Pathogenesis of Fibrosis with Chronic Hepatitis C: Hepatic fibrosis is a dynamic scarring process in which chronic inflammation stimulates production and accumulation of collagen and extracellular matrix proteins. The hepatic stellate cells are the primary cells responsible for producing these extracellular matrix proteins. Over time, with chronic hepatitis C infection, the total collagen content increases and fibrosis can develop, with potential progression to cirrhosis. This dynamic process can also involve remodeling and regression of the fibrous tissue via breakdown of the matrix proteins by the protease enzymes matrix metalloproteinases (MMP). Balance of the remodeling process occurs with inhibition of the remodeling by tissue inhibitors of matrix metalloproteinases (TIMP).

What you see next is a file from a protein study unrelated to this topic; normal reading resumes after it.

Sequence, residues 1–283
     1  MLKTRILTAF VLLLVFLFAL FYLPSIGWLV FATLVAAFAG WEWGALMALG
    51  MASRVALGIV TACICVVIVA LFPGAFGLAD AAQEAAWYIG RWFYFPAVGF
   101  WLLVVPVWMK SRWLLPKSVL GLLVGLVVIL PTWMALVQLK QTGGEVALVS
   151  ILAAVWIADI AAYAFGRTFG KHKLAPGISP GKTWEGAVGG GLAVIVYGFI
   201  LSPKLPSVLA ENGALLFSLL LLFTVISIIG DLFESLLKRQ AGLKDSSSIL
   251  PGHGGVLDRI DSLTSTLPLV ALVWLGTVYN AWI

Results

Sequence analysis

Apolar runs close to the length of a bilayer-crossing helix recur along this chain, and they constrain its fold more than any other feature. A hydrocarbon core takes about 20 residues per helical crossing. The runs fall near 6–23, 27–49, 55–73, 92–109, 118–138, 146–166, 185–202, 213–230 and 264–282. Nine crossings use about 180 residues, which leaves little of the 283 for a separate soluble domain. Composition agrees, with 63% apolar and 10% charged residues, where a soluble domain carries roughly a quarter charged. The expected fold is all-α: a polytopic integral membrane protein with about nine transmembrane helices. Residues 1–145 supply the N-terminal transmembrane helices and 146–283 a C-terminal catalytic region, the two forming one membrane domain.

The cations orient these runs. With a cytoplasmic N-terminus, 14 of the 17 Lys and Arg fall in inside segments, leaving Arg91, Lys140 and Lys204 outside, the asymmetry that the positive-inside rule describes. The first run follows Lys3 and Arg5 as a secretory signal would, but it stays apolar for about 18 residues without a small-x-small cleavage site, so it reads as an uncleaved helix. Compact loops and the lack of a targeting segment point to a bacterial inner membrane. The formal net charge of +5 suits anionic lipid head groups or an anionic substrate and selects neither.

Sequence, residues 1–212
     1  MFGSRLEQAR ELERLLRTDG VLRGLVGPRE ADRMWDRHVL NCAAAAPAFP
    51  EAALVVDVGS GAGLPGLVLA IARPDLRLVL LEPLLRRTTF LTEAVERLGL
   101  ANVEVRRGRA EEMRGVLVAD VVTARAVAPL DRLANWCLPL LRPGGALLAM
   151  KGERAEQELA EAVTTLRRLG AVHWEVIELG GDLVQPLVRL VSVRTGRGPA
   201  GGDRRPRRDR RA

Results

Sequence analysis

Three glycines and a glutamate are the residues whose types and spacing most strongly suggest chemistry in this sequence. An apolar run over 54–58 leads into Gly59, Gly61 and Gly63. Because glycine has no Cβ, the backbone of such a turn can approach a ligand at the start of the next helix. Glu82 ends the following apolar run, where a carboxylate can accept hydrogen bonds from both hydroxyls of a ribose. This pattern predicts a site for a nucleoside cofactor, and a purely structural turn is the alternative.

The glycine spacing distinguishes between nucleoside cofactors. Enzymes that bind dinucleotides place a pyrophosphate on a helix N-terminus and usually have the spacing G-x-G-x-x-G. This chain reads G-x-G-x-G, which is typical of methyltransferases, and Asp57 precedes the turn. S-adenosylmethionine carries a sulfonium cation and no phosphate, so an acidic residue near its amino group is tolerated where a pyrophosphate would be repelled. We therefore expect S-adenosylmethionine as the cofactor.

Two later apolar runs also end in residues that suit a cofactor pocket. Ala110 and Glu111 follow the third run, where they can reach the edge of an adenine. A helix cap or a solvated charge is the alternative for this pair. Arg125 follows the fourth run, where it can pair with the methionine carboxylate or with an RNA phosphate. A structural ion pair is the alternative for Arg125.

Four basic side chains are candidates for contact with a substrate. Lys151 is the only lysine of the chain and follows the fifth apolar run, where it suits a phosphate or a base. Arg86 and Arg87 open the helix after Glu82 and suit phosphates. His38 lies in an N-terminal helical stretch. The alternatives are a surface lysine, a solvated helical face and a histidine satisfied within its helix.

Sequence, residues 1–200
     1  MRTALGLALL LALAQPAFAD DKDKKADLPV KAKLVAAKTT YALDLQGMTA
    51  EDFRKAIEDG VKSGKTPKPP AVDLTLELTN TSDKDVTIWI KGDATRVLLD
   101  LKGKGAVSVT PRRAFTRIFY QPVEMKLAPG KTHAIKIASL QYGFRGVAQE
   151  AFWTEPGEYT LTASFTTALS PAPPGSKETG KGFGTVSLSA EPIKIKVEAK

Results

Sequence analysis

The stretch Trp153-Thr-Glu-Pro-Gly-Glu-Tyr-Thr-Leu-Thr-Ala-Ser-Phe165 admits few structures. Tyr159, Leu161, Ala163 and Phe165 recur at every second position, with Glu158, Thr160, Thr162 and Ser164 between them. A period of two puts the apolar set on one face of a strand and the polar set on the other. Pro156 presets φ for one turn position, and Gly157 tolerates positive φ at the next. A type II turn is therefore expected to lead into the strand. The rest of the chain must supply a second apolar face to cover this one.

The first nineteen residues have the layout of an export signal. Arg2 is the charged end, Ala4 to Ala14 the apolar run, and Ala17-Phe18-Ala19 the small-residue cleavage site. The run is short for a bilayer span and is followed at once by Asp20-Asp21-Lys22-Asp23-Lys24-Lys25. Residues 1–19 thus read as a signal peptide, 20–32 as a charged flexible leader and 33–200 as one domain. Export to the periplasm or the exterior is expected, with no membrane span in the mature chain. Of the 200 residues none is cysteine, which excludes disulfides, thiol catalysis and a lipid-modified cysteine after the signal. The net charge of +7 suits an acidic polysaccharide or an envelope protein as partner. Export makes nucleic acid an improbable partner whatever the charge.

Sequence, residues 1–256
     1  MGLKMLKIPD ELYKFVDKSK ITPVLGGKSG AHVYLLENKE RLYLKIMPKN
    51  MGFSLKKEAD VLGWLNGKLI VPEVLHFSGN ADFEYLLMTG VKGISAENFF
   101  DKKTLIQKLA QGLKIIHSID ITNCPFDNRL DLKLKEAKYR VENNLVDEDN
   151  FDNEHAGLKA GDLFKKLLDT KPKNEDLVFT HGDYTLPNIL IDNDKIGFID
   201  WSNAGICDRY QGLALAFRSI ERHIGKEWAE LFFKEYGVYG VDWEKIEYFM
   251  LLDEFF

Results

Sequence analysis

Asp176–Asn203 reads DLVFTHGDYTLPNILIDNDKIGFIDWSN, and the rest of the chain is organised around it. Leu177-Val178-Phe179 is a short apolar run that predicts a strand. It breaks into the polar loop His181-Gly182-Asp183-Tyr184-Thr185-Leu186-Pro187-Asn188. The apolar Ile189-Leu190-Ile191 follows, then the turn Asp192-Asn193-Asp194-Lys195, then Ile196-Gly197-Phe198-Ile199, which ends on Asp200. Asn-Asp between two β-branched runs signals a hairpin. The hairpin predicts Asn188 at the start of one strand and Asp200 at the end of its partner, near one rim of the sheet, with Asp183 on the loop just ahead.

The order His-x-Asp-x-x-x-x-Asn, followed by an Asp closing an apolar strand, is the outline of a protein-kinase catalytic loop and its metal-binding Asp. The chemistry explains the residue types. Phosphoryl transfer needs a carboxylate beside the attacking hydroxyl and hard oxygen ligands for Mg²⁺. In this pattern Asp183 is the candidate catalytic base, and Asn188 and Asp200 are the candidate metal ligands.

General Approach to Evaluating Liver Fibrosis: Fibrosis is a precursor to cirrhosis and establishing the severity of liver fibrosis may help predict liver-related morbidity and mortality and emergence of complications of portal hypertension. Noninvasive methods to estimate hepatitis fibrosis are commonly used in clinical practice and these methods include indirect biomarkers, direct biomarkers, and imaging modalities. If noninvasive methods provide a clear-cut assessment of hepatic fibrosis then further assessment with liver biopsy may not be needed. Nevertheless, the most accurate and reliable evaluation of hepatic fibrosis remains liver biopsy with histologic analysis.